Tilia tomentosa is a deciduous Tree growing to 25 m (82ft) by 20 m (65ft) at a medium rate.
It is hardy to zone (UK) 6 and is not frost tender. It is in flower from July to August. The species is hermaphrodite (has both male and female organs) and is pollinated by Insects.
Suitable for: light (sandy), medium (loamy) and heavy (clay) soils and prefers well-drained soil. Suitable pH: acid, neutral and basic (alkaline) soils. It can grow in semi-shade (light woodland) or no shade. It prefers dry or moist soil.
Tilia tomentosa, known as silver linden in the US and silver lime in the UK, is a species of flowering plant in the family Malvaceae, native to southeastern Europe and southwestern Asia, from Romania and the Balkans east to western Turkey, occurring at moderate altitudes.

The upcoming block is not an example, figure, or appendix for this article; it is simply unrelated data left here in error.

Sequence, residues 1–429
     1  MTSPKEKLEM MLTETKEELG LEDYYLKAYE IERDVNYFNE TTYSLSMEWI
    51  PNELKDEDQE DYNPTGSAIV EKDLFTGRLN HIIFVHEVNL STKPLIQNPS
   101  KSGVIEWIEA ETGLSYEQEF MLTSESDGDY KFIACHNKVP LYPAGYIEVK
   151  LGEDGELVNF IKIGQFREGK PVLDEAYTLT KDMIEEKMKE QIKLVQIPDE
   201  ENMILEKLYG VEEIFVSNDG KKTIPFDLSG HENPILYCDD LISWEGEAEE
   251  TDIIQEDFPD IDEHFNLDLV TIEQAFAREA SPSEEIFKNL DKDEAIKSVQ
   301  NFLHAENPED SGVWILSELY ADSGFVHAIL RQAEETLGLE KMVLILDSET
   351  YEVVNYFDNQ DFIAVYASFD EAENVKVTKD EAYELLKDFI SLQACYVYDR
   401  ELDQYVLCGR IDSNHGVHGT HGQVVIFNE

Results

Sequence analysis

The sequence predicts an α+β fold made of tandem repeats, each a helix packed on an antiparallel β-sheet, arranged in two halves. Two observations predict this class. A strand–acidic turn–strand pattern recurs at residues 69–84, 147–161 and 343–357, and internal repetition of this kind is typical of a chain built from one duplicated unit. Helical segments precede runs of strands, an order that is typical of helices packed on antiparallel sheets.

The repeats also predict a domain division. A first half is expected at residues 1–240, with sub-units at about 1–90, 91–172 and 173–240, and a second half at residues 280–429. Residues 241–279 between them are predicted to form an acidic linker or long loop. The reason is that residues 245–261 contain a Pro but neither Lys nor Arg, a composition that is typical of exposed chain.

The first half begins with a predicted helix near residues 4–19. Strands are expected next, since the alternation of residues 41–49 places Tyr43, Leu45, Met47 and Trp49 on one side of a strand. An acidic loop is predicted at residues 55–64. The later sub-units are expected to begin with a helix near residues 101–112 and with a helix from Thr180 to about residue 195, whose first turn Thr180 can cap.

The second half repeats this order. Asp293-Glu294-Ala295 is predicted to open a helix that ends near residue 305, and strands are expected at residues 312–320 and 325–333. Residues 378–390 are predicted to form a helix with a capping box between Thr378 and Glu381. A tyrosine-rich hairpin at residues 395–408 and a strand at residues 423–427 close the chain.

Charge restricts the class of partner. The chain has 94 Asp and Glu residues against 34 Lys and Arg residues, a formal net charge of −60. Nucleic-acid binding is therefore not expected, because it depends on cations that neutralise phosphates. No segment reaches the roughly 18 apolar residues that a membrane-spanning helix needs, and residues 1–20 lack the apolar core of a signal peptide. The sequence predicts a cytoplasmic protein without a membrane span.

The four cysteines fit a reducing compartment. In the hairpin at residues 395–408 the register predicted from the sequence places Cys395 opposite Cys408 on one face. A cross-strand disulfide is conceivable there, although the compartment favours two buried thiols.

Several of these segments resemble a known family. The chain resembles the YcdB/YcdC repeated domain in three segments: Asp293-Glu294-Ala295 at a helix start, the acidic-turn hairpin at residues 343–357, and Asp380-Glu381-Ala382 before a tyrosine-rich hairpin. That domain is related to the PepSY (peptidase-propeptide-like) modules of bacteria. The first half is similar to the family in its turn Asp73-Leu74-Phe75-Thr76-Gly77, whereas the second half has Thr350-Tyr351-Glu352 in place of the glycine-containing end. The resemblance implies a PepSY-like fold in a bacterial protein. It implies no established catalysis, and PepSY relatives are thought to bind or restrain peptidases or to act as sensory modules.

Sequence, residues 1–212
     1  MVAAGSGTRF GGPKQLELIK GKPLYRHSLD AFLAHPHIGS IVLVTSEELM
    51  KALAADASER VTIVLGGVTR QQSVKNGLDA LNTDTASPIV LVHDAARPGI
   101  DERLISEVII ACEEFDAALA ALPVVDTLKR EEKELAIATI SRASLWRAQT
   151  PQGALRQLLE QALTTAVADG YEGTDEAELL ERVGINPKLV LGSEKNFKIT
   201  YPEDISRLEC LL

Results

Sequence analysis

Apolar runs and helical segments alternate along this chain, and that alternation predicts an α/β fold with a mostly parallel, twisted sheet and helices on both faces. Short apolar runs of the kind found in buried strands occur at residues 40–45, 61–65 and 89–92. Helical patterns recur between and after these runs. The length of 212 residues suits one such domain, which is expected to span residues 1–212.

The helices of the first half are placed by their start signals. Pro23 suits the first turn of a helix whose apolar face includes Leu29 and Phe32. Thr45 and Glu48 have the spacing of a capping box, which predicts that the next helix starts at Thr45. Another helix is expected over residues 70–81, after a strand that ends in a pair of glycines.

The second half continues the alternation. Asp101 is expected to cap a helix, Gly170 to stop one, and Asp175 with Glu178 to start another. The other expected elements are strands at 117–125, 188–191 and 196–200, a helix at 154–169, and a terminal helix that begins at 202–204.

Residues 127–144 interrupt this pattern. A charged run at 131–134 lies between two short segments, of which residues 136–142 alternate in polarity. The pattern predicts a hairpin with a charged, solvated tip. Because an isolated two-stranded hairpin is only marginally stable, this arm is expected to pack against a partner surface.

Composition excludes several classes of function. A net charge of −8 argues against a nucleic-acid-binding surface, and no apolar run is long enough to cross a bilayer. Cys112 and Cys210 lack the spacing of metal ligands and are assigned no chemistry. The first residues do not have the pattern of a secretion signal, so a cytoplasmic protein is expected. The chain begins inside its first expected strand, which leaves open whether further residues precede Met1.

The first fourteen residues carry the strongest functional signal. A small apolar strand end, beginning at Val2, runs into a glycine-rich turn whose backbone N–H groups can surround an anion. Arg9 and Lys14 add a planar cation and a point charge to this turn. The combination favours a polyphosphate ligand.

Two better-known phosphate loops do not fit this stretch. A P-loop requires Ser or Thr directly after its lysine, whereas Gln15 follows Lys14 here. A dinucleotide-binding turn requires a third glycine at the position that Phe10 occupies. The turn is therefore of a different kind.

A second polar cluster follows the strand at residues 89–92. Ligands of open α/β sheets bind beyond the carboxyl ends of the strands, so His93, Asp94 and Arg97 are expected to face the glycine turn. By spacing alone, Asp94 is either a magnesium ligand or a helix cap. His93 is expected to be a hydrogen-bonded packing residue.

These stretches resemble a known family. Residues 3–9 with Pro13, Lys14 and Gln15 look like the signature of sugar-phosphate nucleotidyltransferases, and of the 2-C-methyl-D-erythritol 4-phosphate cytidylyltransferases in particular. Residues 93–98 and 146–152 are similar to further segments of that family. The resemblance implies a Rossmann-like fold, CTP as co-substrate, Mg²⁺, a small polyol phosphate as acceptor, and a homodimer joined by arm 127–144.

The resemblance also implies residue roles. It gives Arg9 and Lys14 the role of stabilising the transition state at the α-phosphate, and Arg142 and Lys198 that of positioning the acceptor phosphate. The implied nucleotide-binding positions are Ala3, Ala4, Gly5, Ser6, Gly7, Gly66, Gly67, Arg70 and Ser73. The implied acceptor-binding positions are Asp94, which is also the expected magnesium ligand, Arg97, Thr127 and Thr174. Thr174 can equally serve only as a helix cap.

Tilia tomentosa is a deciduous tree growing to 20–35 m (66–115 ft) tall, with a trunk up to 2 m (7 ft) in diameter. The leaves are alternately arranged, rounded to triangular-ovate, 4–13 cm long and broad with a 2.5–4 cm petiole, green and mostly hairless above, densely white tomentose with white hairs below, and with a coarsely toothed margin. The flowers are pale yellow, hermaphrodite, produced in cymes of three to ten in mid to late summer with a pale green subtending leafy bract; they have a strong scent and are pollinated by honeybees. The fruit is a dry nut-like drupe 8–10 mm long, downy, and slightly ribbed.